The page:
What if you could develop an Advanced Energy Community (AEC) that could support more homes with minimal burden on existing infrastructure? What if that model focused on retaining affordable homes and radically reduced carbon emissions? What if there were solutions for urban neighborhoods facing the most pressing challenges of the 21st century, including climate change, resilience and social equity?
On Wednesday, April 21, the EcoBlock team gave a presentation for the Urban Land Institute (ULI) San Francisco. Organized by Justin Shupp and Summerhill Apartment Communities, the event drew over fifty attendees from across the Bay Area, with backgrounds ranging from property development and investment to construction, local government, and academia.
Following opening remarks from Michelle Frey, Executive Director of ULI SF, Dan Kammen, co-principal investigator of EcoBlock and Professor of Energy at UC Berkeley, introduced the project; he emphasized the importance of multi-disciplinarity and partnership with the City of Oakland to meet critical equity and environmental goals. Christine Scott Thomson, Senior Associate and Urban Planner at Page, discussed the existing city-scale systems (e.g., electrical, stormwater, sewage) that will be integrated with the EcoBlock. She highlighted the need to address climate change in the built environment, which is responsible for producing about 75% of global greenhouse gas emissions. Finally, Susi Marzuola, Principal at Siegel & Strain Architects, described the various interventions that will occur at the building scale, including green building approaches to affordable energy retrofits, shared electrical assets, mobility improvements, and water efficiency upgrades.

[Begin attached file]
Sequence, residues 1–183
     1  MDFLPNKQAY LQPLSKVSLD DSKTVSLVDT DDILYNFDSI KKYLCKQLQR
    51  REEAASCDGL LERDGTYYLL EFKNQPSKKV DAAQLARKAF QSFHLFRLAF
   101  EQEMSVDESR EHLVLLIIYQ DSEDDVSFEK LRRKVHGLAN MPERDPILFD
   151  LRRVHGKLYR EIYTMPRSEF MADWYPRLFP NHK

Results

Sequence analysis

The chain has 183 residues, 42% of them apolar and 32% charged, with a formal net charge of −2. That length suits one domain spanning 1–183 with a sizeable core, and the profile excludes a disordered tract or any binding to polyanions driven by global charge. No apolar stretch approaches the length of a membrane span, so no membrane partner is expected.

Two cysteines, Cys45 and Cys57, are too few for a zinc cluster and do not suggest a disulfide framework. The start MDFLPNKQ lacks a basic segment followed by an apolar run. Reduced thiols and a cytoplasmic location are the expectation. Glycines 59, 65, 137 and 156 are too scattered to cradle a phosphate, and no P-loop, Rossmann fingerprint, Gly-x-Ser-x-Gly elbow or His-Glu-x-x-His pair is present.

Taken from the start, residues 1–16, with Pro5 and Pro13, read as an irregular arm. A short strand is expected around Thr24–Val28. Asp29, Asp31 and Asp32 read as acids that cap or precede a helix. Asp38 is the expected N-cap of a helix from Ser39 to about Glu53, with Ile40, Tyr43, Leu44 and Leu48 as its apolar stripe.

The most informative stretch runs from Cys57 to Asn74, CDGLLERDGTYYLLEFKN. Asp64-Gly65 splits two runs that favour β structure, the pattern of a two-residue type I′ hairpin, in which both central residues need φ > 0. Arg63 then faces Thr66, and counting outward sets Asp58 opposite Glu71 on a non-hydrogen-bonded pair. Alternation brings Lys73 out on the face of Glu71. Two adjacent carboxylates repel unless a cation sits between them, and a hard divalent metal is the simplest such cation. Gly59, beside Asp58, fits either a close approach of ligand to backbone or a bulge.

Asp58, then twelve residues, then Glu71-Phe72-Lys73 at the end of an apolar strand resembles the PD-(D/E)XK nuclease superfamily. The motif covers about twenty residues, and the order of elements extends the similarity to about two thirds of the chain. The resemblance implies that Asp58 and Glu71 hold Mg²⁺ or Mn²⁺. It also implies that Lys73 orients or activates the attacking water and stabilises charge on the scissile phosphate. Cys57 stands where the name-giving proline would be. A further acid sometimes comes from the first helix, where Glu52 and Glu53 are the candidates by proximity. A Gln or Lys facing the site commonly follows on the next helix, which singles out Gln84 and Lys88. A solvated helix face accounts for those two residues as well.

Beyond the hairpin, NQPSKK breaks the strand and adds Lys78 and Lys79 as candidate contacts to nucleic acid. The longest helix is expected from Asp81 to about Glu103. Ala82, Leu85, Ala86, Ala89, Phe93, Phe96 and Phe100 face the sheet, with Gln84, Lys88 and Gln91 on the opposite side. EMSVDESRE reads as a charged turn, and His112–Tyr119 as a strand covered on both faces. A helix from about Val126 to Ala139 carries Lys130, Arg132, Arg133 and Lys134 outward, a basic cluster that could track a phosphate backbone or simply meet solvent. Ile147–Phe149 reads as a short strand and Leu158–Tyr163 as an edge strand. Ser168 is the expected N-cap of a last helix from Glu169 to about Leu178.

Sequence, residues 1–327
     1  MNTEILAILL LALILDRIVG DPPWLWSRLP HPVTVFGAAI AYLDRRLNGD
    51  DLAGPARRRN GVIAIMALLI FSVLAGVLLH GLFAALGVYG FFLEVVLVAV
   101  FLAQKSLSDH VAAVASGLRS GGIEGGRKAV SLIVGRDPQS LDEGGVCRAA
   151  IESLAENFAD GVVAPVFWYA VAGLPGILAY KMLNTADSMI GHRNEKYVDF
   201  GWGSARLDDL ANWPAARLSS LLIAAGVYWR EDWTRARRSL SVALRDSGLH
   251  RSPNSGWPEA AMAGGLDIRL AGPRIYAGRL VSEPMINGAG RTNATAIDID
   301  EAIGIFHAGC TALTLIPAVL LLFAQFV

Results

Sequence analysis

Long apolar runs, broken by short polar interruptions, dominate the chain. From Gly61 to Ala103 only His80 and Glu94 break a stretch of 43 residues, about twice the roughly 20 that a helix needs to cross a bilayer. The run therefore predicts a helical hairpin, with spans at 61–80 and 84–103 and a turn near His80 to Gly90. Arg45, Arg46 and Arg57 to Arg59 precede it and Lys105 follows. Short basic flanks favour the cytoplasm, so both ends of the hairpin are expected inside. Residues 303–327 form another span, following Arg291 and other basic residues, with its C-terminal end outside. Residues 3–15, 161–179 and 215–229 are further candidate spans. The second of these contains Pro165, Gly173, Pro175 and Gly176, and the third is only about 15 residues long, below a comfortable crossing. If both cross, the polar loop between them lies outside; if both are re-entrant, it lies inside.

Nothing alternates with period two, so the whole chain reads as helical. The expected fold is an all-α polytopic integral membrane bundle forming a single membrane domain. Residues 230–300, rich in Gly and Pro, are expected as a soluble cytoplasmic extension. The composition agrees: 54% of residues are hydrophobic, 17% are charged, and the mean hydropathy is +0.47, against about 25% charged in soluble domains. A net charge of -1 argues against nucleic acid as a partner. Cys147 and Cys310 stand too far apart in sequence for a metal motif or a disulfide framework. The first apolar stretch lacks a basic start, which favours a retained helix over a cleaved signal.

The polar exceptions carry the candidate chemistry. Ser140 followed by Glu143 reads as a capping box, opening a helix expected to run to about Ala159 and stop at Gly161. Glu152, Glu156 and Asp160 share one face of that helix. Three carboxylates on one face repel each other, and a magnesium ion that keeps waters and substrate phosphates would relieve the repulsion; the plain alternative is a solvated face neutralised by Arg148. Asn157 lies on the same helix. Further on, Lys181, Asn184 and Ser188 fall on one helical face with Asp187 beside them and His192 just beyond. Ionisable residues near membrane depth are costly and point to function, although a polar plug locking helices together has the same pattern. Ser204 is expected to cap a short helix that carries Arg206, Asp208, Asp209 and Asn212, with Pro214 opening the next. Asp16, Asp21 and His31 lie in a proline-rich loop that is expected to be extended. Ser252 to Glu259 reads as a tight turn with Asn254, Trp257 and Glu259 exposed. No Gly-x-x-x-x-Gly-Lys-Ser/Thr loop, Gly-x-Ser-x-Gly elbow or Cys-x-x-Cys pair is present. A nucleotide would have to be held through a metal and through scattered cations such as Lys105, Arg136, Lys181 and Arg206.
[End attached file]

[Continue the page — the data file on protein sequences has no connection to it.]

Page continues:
After the presentation, the panelists—along with project manager Therese Peffer—joined Lauren Krause, Director of Environment, Social, & Governance at Grovesnor, for a moderated discussion. The event concluded with a networking session between the EcoBlock team and attendees.
Working with ULI was a wonderful opportunity to continue the conversation around climate change, resilience, and equity. As the EcoBlock project moves forward, we look forward to contributing to a more just and resilient future!